What is it about Florida? As a kid, waiting out the long Toronto winter in my parents’ rec room, I often wondered what it might be like. I’d seen a picture in a book somewhere, of a down-at-the-heels, roadside serpentarium, where burly men in pompadours would wrestle alligators in a dusty yard. It was somewhere in Florida, the book said. I wanted desperately to go there. But it was not to be. Not until well into my adulthood anyway. And I never did find that serpentarium. So I had to settle for a kind of Florida of the mind. The television programs of the time were saturated with images of a fantastically exotic, subtropical America, where smiling swamp rangers skimmed across the Everglades on air boats, at the beck-and-call of puffy-faced little boys, who had winsome animal mascots like Flipper, the dolphin who just wouldn’t shut up and Gentle Ben, a toothless, overweight bear. During the commercials, the über-creepy Anita Bryant (soon to reign as America’s Queen of homophobia) warbled from a sound stage citrus grove, shilling genuine Florida ‘oinj’ juice to the pallid northern masses. So despite never having set foot in the place, Florida had pretty much colonized my young subconscious. So when I eventually visited there, sometime in my mid-twenties, things seemed strangely familiar, like the spectres of a remembered imagination.
This March, I returned again, to give a talk at a community college in suburban Broward County. Broward is part of a vast conurbation called the South Florida Metropolitan area that runs along the state’s Atlantic Coast. I met many kind and generous people there and it was great hanging out with the students, especially at their poetry slam, where I witnessed some of the most moving spoken word performances I’ve seen in years. Many of the young poets performed work addressing their daily struggles of life and in love in an increasingly polarized America. A young, African-American single mom did a piece about her struggle of trying to put herself through college, to give herself and her kid a better life. A young white guy gave a long, free form soliloquy about his feelings of political alienation, living in a state from which the presidency of his country had been stolen.
Florida is a complicated place. Oh, sure there are still beaches where you can sit in the talc-soft sand and stare out at the sea. This is the post card Florida of tasteful condominiums and toney ocean side eateries. But much of Florida, like the rest of North America, is imbued with a kind of Ballardian placelessness – its vast, flat expanses re-skinned with low-rise exurbs that ooze into a grid work of freeways. Except for the groves of palm trees, the landscape looks pretty much like the one in which I grew up, in Southern Ontario, having followed a similar trajectory of environmental liquidation. Occasionally you might see an ibis wading in the ditch water beside the interstate, but there really isn’t much else to remind you of where you are. This being America, there is an enormous gulf visible between the rich and the poor. Prowling the upscale shopping malls are legions of aged ladies who have had so much plastic surgery done that their heads look like they’ve been taken out of the spare parts cupboard of the Thunderbirds. Seeing these silicon injected marvels of taxidermy bobbling on the shoulders of geriatric bodies takes a little getting used to. But I suppose it is a logical outcome of a society where ‘the pursuit of happiness’ is defined as an inalienable right. Outside of the air conditioned confines of retail-land, in the ubiquitous palmetto scrub that grows on the sides of the roads and in the median strips, lives a ghost army of the homeless. Many are military veterans who have found themselves on the losing side of the class war. Perhaps the warmer climate makes being homeless in Florida a bit easier to bear. But happiness for these people still seems a long way off.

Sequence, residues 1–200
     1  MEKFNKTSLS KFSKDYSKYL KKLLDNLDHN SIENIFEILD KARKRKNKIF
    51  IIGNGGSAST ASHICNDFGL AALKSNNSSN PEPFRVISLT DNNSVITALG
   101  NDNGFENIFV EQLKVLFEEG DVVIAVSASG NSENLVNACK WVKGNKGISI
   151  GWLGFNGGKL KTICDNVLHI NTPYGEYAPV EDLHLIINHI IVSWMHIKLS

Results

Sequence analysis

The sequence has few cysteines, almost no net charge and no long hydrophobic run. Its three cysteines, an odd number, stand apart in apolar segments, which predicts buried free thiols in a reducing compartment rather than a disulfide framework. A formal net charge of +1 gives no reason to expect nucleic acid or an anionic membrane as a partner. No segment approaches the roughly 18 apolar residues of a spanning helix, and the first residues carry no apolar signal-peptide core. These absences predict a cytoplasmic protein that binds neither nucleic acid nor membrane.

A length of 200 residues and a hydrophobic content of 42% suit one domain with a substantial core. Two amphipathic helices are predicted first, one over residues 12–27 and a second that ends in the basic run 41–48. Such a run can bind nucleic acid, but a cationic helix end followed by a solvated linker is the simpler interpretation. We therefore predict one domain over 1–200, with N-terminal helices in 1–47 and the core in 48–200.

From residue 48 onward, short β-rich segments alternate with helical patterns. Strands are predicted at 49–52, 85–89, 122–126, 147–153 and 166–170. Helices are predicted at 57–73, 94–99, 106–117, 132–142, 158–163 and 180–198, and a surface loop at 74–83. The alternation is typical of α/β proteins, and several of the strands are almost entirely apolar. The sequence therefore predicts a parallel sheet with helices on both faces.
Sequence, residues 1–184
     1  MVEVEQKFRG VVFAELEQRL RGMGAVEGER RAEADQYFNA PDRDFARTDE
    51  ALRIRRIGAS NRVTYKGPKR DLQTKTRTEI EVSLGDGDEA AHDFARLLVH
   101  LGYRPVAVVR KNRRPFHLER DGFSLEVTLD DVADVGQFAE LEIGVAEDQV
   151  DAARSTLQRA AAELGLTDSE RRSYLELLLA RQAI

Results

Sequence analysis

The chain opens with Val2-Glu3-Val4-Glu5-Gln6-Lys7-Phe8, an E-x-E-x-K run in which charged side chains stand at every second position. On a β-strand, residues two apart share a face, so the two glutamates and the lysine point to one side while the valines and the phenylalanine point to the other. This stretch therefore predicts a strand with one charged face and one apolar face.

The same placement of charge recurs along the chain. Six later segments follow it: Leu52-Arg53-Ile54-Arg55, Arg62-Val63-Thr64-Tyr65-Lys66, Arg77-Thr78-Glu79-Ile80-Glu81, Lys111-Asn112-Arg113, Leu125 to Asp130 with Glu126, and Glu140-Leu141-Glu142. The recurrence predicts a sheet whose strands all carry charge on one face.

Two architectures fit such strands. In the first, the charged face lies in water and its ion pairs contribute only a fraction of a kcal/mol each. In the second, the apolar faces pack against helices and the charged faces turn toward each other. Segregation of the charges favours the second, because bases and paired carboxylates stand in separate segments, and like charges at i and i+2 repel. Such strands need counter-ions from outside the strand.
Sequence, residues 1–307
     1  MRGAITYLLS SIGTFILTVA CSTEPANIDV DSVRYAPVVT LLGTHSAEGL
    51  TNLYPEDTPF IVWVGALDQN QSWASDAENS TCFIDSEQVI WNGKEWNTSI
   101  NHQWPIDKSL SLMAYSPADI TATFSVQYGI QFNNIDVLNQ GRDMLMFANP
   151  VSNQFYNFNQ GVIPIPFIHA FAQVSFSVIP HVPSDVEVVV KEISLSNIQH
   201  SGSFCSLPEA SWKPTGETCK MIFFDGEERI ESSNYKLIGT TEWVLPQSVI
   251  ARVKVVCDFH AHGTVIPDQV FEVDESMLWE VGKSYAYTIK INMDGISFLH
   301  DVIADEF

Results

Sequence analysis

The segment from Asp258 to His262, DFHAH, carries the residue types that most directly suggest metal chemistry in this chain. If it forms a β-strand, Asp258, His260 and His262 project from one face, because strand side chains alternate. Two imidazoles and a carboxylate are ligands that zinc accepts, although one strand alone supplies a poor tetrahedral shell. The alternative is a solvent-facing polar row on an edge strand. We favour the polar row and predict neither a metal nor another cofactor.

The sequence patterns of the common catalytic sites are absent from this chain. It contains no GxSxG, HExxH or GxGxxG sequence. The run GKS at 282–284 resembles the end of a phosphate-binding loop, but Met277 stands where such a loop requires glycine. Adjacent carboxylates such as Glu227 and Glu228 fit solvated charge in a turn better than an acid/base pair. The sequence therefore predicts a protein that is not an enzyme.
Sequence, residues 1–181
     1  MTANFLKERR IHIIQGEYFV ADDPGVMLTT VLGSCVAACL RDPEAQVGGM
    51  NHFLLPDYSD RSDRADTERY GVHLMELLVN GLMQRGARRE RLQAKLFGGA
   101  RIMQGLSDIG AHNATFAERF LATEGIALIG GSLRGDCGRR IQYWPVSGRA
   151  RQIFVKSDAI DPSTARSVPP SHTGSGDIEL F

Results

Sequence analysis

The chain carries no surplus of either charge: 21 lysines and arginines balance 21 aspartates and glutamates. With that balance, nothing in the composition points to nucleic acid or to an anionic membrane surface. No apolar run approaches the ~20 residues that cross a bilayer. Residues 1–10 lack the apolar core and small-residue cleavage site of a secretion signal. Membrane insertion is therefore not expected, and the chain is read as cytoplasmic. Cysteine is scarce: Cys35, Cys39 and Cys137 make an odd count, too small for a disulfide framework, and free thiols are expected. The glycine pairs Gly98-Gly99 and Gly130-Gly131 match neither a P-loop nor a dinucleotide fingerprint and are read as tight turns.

Yet shoehorned between the freeways and the golf-themed retirement developments, a few fragments of the original Florida still cling to their existence. Thanks to the kindness of an instructor at the college, I was able to spend a few hours amid the vegetative splendor of the last intact tropical hammock ecosystem, left in Broward County. ‘Hammock’ is a name given to little islands of self-perpetuating forest, which, because they are a few inches higher in elevation, manage to escape the worst of the seasonal flooding and fires that afflict the surrounding landscape. The result, as in the case of Broward’s 254 acre Fern Forest park, is a lush canopy of exotic trees such as gumbo limbo, strangler fig and surprisingly, red maple, a tree species I grew up with in eastern Canada. In the wetter spots of the forest, the roots of cypress trees form delightful ‘knee’ structures to cope with anaerobic conditions in the sediment. As I strolled beneath the dappled shade of rustling sabal palm fronds, watching the zebra butterflies sipping moisture from the swamp mud, I was able, just for a little while, to tune out the traffic drone of the nearby highway. It was as if I had been given a little window into the Florida of my boyhood mind.